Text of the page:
From the rapid development of new vaccines to the creation of more efficient batteries to store the clean energy of the future, many crucial innovations are slowed by the limits of current computer technology. Quantum computers of the future will have the power to break through the barriers and enable the design of new medicines and materials, to name but two potential life-changing quantum computing applications.
In many fields, computers have revolutionised the innovation cycle. In aerospace, for example, we ‘design’ new aircraft on powerful supercomputers. Contrast this with the Wright brothers who ‘discovered’ motorised flight through protracted cycles of trial and error. How is this possible? Because we have two things: a set of equations based on Newtonian physics that describe how air flows, and, with supercomputers, the computational power to solve them.
Newton’s laws of physics, and the science of classical mechanics that have developed from them, have underpinned three centuries of exponentially accelerating human progress, greater than all prior human progress across history.
But these laws break down when we try to fully understand how nature works on a molecular level. Using even the most high-performance computers in the world today, we simply can’t see and thus simulate how new medicines interact with a candidate protein in the body for example. Or identify new chemical catalysts that can efficiently capture carbon dioxide from the atmosphere for a greener planet. Only the science fiction-like laws of quantum mechanics can help us design our way to solutions such as these. Physicists working at the beginning of the 20th century were keenly aware of the limitations of classical mechanics, and so the leading minds set about developing a new mathematical equation: one that could explain, in the words of Richard Feynmann, ‘nature as She is -- absurd’. The result was quantum mechanics, a perfect model of the world.
In 1929 the British physicist Paul Dirac was so delighted with the theory of quantum mechanics that he wrote: ‘The underlying physical laws necessary for the mathematical theory of a large part of physics and the whole of chemistry are thus completely known’.
So why aren’t we already using quantum mechanics to design new products and transform society? The Dirac equation highlights the interaction of these particles and electrons, and how they interact and move over time. Yet we don’t have the computational power to manipulate these elements to solve these equations directly.
The problem can be neatly summed up by the second half of Dirac’s quote: ‘the difficulty is only that the exact application of these laws leads to equations much too complicated to be soluble’. This challenge is no less intractable with today’s classical computers – almost 100 years later we still lack the computational power to solve the equations of quantum mechanics for almost all systems of practical interest, even if we had all the world’s supercomputers working together.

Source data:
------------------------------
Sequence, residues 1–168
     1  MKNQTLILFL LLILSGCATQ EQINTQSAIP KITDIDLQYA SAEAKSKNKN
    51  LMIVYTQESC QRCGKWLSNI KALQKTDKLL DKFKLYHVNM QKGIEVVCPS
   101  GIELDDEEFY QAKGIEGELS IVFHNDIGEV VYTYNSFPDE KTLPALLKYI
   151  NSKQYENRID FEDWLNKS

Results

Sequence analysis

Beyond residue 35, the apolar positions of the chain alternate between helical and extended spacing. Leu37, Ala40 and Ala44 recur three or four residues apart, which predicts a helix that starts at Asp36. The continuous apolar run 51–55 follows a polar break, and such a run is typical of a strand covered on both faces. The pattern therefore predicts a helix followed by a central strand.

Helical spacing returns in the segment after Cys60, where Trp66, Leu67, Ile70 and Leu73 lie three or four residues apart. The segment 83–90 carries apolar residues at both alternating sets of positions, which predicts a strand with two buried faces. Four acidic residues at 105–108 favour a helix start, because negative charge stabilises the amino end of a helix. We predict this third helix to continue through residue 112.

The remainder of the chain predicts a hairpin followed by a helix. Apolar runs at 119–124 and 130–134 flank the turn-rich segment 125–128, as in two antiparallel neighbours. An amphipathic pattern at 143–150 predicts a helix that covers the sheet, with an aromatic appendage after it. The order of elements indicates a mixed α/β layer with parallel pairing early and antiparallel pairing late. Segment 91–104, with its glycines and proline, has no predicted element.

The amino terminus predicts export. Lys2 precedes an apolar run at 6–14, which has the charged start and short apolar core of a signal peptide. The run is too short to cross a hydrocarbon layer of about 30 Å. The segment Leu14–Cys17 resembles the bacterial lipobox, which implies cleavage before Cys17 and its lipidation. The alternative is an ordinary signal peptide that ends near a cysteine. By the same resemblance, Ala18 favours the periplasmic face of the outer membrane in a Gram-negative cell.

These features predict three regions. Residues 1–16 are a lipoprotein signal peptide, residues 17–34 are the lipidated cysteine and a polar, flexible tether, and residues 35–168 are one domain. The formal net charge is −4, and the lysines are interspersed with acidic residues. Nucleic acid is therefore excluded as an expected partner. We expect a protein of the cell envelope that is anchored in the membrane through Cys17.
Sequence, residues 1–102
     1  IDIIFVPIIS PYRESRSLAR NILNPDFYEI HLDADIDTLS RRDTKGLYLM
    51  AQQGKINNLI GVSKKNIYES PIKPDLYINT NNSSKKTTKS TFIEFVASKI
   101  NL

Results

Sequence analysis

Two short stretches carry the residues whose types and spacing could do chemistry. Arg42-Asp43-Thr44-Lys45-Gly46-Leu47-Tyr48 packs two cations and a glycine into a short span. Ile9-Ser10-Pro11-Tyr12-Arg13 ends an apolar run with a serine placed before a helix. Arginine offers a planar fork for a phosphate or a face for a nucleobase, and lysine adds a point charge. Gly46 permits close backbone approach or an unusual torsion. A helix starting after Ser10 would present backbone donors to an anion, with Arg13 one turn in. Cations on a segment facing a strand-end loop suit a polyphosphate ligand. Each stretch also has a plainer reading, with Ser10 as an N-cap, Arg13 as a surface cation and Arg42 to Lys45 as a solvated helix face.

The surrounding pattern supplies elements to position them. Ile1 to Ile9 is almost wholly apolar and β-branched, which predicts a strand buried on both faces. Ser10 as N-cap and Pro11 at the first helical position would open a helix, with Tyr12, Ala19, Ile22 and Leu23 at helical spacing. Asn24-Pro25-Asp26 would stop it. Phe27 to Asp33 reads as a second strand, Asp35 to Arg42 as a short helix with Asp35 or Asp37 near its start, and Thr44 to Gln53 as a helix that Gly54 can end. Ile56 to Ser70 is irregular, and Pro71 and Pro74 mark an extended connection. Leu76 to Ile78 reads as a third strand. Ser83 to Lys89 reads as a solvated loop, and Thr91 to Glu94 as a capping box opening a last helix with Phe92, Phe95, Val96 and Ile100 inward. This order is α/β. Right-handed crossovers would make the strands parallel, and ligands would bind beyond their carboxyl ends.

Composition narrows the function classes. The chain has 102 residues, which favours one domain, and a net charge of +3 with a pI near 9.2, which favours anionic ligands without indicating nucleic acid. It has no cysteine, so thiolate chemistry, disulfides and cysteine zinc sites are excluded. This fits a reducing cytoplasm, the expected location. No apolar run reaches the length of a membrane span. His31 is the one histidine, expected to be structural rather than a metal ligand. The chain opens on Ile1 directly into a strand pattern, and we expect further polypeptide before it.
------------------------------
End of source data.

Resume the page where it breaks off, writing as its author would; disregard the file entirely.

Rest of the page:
To break through the limits of classical computing we need a completely different type of computer, one constructed from building blocks that behave according to the principles of quantum mechanics. These machines, quantum computers, will be able to simulate nature in all its complexity on a molecular level because they naturally operate in this quantum space.
Until that past decade, their existence was purely theoretical. Now we’ve proven quantum computers are very real. The next challenge is to prove they can scale to the size and reliability to handle error free data processing at an unfathomably enormous scale. We’re still early on that journey but making steady big leaps.
The implications are mind-blowing. Large-scale quantum computers will progress humanity from an age of discovery to a new age of design, a paradigm shift as significant as the industrial and digital revolutions.
In the pharmaceutical industry, for example, by simulating in exquisite detail how a drug binds a target protein, we will be able to design drugs that we know work with high efficacy and specificity, rapidly accelerating the development of new medicines and saving the billions of dollars which are currently wasted on drugs that fail in clinical trials. The COVID-19 pandemic has been a powerful illustration of how many lives we can save if we can develop drugs and vaccines faster.
By simulating the complex cycle of chemical reactions which occur inside a fuel cell, we will be able to design catalysts that unlock the full potential of hydrogen as a clean energy source and reduce our reliance on rare metals that are expensive and environmentally damaging to extract from the earth.
Our increasing dependence on the digital world intensifies our vulnerability to cyber-terrorism, as conventional random number generators are not truly random and thus open to compromise. These risks create a vast number of challenging processes for classical computers, with the need to establish an extensive security support system to tackle daily threats. Quantum computing has the potential to transform the world of cyber-security by generating truly random numbers to increase cyber-security.
For these transformational applications to be possible, we need quantum computers that are much larger and more reliable than those we have today. It is estimated millions of qubits will be needed to achieve true ‘quantum usefulness’. Today the biggest quantum computers have one to two hundred.
The key for quantum computers to reach functional scalability is to overcome the challenge of the sensitivity of qubits to their environment. We need to be able to correct as many as billions of data errors in milliseconds. To put that into simple numbers, we need a 10,000-fold reduction in system errors to run the most powerful quantum algorithms. Achieving this goal, solving the problem of quantum error correction, is quantum computing’s biggest technical challenge.